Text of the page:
http://www.denverpost.com/nuggets/ci_21684696/nuggets-forward-danilo-gallinari-aims-more-production-thisRemember Danilo Gallinari in Game 7 against the Lakers?
Neither do we.
He was out there, though, logging 26 forgettable minutes in the Nuggets' season-ending, first-round loss to Los Angeles.
In the days after his 1-for-9 showing, Gallo was visually emotional because of the game, speaking candidly about his motivation for the summer.
And now, summer's over, and Gallinari is back in Nuggets camp, refreshed and refocused, healthy and hungry.
"I think I can improve some stats and definitely I want to improve my 3-point percentage," the starting small forward said Tuesday after the Nuggets' first workout of training camp. "I've been working a lot on my shot."
Most training camp stories sound the same guy has a good summer and is poised for a big season. But here's why it's not a cliché with Gallo.
For one, he was putting up notably numbers before the first of two injuries last season, averaging 17 points per game on 44.2 percent shooting before the all-star break.
Second, consider the addition of Andre Iguodala, who potentially could demand a double-team here and there — or at least, as coach George Karl will sometimes say, "one-and-a-half defenders." This could open up Gallo for, well, open looks.
And third, the 3. In his first big-minutes NBA season, 2009-10, the 6-foot-10 Italian shot 38.1 percent from beyond the arc. He dipped a little, and then in 2011-12, hide your children — he shot 32.8 percent. There were 105 NBA players who shot better from 3.
"I just think he had a down year last year and was hit with injuries," Karl said Tuesday. "He got off to a good flow but never regained it. I think he's determined — he has a committed determination. He didn't like what happened last year, he didn't like how he played at the end. I think he had a good summer with the national team, and it will be fun to see he and Ty Lawson, two of our young talents. When are they going to make that step, and how big a step will they make? I think we're all anxious to find out."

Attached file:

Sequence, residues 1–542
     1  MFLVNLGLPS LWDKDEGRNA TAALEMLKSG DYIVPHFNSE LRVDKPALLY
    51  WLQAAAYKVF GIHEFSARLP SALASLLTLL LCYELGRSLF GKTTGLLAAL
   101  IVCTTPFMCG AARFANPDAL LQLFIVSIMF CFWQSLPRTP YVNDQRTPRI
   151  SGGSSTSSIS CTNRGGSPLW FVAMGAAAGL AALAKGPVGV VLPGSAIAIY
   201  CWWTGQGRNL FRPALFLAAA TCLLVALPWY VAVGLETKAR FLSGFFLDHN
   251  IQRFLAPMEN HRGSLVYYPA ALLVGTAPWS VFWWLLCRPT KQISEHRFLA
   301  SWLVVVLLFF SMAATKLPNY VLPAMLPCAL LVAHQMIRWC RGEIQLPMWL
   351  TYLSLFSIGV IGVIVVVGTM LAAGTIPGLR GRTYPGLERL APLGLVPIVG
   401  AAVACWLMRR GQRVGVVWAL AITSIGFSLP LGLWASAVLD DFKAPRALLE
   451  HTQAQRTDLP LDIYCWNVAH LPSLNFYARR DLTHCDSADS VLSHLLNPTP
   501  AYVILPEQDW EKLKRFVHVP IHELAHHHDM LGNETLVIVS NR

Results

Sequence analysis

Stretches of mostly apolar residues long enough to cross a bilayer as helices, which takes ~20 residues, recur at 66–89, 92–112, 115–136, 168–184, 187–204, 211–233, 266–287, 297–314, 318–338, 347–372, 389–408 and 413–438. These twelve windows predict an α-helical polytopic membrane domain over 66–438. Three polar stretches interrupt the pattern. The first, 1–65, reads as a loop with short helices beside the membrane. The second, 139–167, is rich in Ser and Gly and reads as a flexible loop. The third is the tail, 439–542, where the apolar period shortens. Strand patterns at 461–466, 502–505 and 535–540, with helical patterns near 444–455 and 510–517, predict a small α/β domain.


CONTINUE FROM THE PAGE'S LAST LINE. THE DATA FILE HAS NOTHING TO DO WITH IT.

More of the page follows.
Gallinari had a productive summer in his native Italy, helping his national team notch an 8-0 record in a tournament that qualified them for the European Championships next summer. He also hosted his first camp for kids, and he invited Denver assistant coach Melvin Hunt and strength and conditioning coach Steve Hess to help coach the camp and also coach him.
"We also went out to dinner every night," Gallinari said, "but probably one or two nights we didn't go because we were eating so much, they stayed in their hotel because they thought they should go on a diet."
When Gallinari came to Denver, the image folks had of the Knicks forward was his floating a feathery 3. Nuggets faithful soon saw that he notched points other ways, notably as a bulldozer. Last season, he shot 87.1 percent from the foul line, but his attempts were down, perhaps due to him still recovering from his midseason ankle injury.
"He's just got to be more aggressive," teammate Corey Brewer said. "We're going to put the ball in his hands, so he's got to make plays. As long as he's aggressive, he'll be good.